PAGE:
A Neo-Noir to Capture Political Conspiracy
Set during a drought, Burning Days is a neo-noir drenched in sweat and dust. It weaves together multiple threads of political conspiracy — involving threatening photos, a looming election, and mysterious deaths — to create a taut psychological thriller.
In the scene that sets the plot in motion, Emre eats dinner with the town’s graying mayor and his macho son, an attorney. In Burning Days‘ clever screenwriting, each seemingly innocent remark is laced with something sinister. During a discussion of boar hunting, the attorney jeers, “Let’s take the city boy out of you, Mr. Prosecutor.” They insist he eat from the buffet-like spread and drink the local specialty, a greenish-white alcohol called raki. To not drink would be an insult.
Burning Days is a dark portrait of hospitality culture, weaponized by the rich and powerful. Just as Emre realizes he may have been roofied, a woman, Pekmez, shows up. The next day, Emre learns from the police chief about a rape the night before. The victim? Pekmez.
Burning Days finds its stride as a fable about an idealist stuck in a bind: if Emre reveals what he saw at the party that night, he also makes himself a potential rape suspect. Even more vexingly, another guest, the combative dissident journalist Murat, implies to Emre that they spent the night together. As it turns out, Emre’s best alibi — the evening at Murat’s house — would put him under suspicion for being gay.
“I realized that I shouldn’t tell a story between pure good and pure evil,” says Alper. “I wanted to create a more complicated protagonist. He is not even sure of [whether he’s a collaborator]. But he must learn the truth, so he wants to continue the investigation, even if it can backfire.”
Burning Days refrains from showing Pekmez’s testimony on screen, deepening the mystery. “I just wanted to add a slight doubt about Emre,” Alper adds.
Burning Days is threaded throughout with hazy flashbacks; in them, the mayor’s garden becomes an unkempt wilderness. Are Pekmez and the men dancing, or fighting? In slowed-down shots of Murat’s shower streaming, the droplets resemble sharp, stabbing crystals. Is Murat taking care of Emre, or taking advantage of him?
Thanks to the actors’ stellar performances, Emre and Murat boast a smoldering sexual tension. İsmet Ekin Koç, a Turkish film star who had a guest role on Succession, channels his palpable charisma for the role of Murat. When the two men run into each other at a lake outside town, the camera starts with close-ups, then widens to reveal Emre stripped down to his swimsuit. Are the two about to duel or make out?
Murat, with his tousled hair and piercing eyes, promises to be Emre’s ally. As the mayor’s neighbor, he knows the inner workings of power even as he denounces it. Yet the more that the skeins of plot tangle, the more that Murat’s contradictions sharpen. There are insidious dangers in outsourcing your memory to others, Emre learns.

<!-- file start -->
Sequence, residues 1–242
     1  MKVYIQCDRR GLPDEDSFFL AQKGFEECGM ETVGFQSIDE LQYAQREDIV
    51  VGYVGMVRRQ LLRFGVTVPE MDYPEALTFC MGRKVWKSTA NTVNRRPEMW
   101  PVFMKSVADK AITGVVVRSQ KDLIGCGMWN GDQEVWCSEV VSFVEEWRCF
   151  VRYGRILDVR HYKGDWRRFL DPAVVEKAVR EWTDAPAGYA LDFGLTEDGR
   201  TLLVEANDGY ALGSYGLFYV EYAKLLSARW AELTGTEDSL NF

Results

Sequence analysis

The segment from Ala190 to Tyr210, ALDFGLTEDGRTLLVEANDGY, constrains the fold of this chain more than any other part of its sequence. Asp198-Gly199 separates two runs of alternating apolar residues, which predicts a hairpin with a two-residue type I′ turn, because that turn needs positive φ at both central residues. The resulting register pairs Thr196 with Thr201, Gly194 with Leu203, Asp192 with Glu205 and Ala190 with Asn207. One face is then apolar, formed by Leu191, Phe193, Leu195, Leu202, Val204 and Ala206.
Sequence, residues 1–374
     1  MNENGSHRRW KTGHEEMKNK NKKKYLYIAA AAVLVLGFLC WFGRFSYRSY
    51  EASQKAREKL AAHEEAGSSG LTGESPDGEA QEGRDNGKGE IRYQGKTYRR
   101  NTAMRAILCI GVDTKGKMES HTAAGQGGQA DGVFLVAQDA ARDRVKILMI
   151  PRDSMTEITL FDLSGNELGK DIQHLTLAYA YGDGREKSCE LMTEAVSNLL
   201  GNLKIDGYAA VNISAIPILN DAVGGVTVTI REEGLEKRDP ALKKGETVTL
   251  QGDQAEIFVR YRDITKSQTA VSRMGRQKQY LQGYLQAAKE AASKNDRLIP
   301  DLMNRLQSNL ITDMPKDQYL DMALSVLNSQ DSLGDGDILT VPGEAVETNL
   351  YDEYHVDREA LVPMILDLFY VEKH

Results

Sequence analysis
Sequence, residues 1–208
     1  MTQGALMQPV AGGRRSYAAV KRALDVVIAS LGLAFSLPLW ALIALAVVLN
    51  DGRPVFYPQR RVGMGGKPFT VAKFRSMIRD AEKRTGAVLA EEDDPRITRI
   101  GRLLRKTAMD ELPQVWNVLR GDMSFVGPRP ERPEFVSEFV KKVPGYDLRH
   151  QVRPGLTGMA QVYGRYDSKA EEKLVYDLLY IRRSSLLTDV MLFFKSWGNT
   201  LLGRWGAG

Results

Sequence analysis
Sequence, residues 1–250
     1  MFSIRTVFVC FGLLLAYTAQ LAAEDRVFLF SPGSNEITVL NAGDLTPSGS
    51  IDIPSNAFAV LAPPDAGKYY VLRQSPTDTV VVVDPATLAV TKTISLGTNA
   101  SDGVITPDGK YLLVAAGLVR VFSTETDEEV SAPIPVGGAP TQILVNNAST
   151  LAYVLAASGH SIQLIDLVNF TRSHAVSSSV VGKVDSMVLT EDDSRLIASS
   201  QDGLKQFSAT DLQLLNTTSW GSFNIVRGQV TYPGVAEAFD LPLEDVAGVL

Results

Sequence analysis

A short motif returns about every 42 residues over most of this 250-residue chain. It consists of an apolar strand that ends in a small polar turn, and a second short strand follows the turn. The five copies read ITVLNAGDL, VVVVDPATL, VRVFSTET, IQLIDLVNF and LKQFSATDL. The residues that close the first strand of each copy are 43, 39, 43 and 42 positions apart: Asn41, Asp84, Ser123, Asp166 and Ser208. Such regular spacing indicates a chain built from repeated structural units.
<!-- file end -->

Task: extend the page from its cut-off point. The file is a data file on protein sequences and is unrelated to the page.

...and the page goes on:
“Since it was a neo-noir, I wanted to describe the journalist as not a fully trustworthy person,” says Alper. “One of my mottos of the film is ‘You cannot be completely pure and good when you are fighting against evil.’ I wanted to create a character which can sometimes copy the methods of the adversary.”
A Crackdown on “Public Morality”
As Burning Days nears the climax, the town’s homophobic backlash intensifies. Indeed, real-world Turkey ranks second-lowest in the “Rainbow Index,” a measure of LGBT inclusivity across 49 European countries. Erdoğan’s government has referred to LGBT people as deviants and pedophiles. At the 2022 Istanbul Pride, Turkish police tear-gassed and arrested attendees. News outlets have even been shut down for reporting on LGBT issues, often under the pretext of “public morality.”
This crackdown has affected entertainment, too. In the spring of 2020, the Turkish Netflix show, Love 101, came under fire from Turkish conservatives when a Twitter account falsely claimed that the series would feature a gay character played by Paşalı. It was later confirmed that the series had originally included a gay character until the government intervened. Alper made Burning Days with several European co-production companies partly to avoid such censorship. “I’m thankful to [Paşalı and Koç] because they were brave enough to be in this project,” says Alper.
Alper links Erdoğan with “wannabe dictators” around the globe who demonize minorities. “Erdoğan is not an exception. Especially in the last five years, they started telling that the European liberals and the Americans are plotting against the Turkish family, especially through Netflix, through Hollywood.”
Burning Days showcases the stylish, audacious face of Turkish cinema. Blending superb acting with a twisty script, the film mounts trenchant social commentary that resonates far beyond Turkey.